I’m all for acknowledging and celebrating success and excellence in teaching, so when Pearson asked me if I’d like to mention their teaching award on Primary Stories I was very happy to oblige. The very process of identifying why you believe you are a good teacher is an enriching exercise for a number of reasons. A lot of reflection in teaching revolves around what didn’t go exactly to plan, and what could have been done differently, or better. Feedback on observed lessons tends to focus on procedures, and how you do things rather than on what impact you are having on each individual student in your class. However experienced the observer, they cannot know what you were faced with at the start of the year, and how far each child has come in the context of their own learning. As a teacher trainer who regularly does observation and feedback I don’t want to imply that this process is invalid. Instead I want to suggest that rather than waiting nervously for your yearly formal observation for judgement on your teaching, you trust the evidence you have before you. Evidence gathered from hours and hours of classroom experience, time spent getting to know your students, what they like and don’t like and what they are good at or need help with. Evidence which inevitably feeds into the lessons which you plan.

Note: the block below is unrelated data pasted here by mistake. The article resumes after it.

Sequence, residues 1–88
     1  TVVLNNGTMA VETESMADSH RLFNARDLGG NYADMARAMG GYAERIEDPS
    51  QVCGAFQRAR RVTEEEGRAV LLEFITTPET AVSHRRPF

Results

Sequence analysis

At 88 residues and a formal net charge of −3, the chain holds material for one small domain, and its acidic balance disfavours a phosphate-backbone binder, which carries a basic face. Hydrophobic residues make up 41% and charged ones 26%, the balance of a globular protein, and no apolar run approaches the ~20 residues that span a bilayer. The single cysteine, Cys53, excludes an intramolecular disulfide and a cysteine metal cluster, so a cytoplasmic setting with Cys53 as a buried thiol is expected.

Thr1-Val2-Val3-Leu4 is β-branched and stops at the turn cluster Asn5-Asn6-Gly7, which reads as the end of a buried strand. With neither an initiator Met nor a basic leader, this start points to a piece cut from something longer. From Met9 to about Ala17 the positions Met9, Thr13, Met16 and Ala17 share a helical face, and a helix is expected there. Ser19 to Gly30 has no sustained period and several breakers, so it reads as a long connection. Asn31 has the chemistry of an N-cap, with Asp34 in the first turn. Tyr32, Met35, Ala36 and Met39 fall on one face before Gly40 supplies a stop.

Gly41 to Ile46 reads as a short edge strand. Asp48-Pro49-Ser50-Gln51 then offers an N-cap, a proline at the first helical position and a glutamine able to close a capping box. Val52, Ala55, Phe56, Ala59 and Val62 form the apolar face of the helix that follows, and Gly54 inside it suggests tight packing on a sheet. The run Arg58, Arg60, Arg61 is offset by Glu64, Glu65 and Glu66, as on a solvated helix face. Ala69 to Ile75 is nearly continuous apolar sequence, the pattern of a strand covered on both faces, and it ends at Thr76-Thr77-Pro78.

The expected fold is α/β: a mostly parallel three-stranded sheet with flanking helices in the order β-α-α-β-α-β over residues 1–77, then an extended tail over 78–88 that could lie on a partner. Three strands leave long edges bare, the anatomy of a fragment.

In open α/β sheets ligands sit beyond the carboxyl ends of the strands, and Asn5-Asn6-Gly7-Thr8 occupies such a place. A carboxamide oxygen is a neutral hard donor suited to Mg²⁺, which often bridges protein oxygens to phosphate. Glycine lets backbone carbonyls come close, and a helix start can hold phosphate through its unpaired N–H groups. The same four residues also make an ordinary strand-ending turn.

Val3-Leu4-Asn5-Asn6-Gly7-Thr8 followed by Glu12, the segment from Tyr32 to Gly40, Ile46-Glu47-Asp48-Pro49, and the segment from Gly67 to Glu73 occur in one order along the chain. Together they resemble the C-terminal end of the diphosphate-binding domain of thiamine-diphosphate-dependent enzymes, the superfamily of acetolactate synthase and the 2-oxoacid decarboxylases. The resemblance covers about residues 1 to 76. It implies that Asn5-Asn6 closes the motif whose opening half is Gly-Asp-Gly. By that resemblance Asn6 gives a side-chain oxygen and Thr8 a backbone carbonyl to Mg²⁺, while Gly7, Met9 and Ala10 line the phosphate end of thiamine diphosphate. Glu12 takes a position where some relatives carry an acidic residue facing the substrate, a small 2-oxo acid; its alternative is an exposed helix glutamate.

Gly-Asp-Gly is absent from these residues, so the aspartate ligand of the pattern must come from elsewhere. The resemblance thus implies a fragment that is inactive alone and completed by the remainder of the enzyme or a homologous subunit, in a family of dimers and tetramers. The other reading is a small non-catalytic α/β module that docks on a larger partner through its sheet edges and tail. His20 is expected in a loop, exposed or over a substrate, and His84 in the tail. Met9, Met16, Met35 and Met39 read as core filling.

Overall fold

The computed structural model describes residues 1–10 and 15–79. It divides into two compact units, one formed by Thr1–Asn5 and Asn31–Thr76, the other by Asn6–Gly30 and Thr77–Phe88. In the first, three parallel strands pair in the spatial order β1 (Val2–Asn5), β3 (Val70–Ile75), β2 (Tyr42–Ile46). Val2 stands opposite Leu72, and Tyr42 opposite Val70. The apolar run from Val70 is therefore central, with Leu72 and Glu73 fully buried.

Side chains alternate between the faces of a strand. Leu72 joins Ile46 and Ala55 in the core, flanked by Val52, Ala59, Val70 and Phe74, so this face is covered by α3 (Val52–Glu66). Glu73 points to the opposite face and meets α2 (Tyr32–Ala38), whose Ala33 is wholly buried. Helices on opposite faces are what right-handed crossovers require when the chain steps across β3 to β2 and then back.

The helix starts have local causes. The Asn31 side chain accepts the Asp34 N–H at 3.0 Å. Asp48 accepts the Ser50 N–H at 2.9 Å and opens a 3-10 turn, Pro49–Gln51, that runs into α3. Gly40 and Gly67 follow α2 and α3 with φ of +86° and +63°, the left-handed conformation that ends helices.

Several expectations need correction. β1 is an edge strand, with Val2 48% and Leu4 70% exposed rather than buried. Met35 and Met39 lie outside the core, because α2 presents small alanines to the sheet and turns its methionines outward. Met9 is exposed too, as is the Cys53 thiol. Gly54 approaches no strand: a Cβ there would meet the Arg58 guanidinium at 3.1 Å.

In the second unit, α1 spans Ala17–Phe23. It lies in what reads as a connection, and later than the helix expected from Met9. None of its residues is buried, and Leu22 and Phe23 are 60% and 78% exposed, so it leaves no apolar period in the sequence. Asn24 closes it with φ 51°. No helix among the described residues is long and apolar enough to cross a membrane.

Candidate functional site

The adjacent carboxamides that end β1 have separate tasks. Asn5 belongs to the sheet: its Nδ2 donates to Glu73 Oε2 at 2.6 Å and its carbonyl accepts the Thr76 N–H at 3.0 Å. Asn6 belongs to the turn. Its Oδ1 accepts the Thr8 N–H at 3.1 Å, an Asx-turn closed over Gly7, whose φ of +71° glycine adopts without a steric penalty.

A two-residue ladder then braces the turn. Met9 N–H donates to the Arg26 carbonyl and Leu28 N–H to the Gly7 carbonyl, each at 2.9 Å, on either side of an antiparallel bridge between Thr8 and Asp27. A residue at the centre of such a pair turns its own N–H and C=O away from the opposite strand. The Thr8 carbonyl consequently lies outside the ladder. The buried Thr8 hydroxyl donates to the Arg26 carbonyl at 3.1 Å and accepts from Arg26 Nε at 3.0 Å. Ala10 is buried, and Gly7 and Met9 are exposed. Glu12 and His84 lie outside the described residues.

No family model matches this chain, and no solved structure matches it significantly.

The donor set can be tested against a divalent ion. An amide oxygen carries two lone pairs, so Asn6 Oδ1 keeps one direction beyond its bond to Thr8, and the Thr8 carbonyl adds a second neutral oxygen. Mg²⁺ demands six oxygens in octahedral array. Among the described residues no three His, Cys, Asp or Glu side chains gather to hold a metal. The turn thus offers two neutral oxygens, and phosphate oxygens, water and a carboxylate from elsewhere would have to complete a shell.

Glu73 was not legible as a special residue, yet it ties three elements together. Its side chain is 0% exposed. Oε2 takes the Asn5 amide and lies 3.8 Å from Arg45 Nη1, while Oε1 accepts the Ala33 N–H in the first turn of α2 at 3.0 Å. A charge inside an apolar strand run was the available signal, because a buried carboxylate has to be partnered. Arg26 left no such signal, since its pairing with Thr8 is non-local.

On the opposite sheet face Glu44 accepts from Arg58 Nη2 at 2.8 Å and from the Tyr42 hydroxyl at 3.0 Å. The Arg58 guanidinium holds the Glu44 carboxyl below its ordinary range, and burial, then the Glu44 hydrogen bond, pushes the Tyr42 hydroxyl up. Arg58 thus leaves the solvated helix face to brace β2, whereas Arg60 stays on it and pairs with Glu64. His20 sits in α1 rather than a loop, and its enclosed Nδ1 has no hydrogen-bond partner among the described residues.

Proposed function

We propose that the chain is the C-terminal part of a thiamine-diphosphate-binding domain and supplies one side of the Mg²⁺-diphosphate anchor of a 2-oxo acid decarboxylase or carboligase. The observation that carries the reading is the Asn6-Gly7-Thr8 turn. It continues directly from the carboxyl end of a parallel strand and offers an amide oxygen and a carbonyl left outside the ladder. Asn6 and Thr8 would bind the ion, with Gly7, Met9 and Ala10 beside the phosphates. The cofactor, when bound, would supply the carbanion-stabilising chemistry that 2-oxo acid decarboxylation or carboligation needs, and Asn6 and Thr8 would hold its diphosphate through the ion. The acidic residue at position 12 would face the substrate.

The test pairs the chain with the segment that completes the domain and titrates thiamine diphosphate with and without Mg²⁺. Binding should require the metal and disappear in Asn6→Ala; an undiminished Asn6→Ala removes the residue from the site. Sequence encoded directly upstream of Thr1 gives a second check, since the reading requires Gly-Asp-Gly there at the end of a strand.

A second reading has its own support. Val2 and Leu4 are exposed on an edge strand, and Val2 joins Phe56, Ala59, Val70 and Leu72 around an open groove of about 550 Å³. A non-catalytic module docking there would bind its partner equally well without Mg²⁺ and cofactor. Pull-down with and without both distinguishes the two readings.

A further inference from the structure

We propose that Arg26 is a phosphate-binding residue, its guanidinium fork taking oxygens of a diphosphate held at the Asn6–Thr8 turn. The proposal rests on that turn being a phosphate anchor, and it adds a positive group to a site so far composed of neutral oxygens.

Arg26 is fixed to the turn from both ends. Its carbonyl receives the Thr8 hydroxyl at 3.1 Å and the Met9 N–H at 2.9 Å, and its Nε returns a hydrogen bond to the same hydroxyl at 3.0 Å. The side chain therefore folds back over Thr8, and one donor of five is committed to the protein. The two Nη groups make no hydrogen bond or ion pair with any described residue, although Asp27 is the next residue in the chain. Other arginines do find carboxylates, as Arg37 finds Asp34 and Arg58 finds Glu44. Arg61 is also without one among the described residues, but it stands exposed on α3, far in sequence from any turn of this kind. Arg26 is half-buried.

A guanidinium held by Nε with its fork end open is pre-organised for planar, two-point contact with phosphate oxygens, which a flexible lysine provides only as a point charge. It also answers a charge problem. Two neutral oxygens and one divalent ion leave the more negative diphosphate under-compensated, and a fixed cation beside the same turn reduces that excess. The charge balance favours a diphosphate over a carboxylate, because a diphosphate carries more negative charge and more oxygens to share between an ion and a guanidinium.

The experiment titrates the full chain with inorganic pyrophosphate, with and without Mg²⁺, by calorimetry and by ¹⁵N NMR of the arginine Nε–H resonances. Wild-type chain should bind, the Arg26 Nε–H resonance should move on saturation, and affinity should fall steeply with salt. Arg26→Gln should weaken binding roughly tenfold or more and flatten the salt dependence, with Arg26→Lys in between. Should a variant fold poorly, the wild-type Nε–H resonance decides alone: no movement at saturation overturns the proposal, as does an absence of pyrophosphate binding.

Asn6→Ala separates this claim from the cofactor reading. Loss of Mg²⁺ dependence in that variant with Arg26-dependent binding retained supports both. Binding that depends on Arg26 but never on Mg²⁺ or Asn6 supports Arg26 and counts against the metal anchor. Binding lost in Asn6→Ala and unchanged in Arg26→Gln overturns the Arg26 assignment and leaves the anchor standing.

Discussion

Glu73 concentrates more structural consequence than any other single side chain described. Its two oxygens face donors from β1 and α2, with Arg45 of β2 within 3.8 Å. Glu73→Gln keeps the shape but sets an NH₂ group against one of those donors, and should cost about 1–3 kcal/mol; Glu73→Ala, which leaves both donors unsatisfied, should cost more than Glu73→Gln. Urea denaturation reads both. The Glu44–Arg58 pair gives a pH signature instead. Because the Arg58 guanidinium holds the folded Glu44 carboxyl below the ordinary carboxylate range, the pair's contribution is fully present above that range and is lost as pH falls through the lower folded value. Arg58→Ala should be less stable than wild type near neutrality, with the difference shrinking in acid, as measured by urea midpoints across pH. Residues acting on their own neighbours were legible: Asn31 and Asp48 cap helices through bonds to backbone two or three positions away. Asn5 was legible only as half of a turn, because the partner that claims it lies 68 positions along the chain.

Easy? Not so much. Identifying what makes you an excellent teacher means making a conscious decision to build regular self-reflection into your already busy schedule, and then really engaging with what is happening in the classroom. Young learner teachers are advised amongst other things to include in lessons a mixture of activities which alternately stir then settle students to cater for their short attention spans and burn off excess energy, to provide plenty of scaffolding to make tasks achievable, to build in plenty of repetition and revision as young children forget quickly, and to establish routines so the focus can remain on learning rather than classroom management. This is all sound advice, but it’s easy to mistake a lesson which includes all these elements and from which children leave happy for an excellent lesson, and therefore excellent teaching. Put children in a classroom and they will undoubtedly learn, but are they reaching their full potential?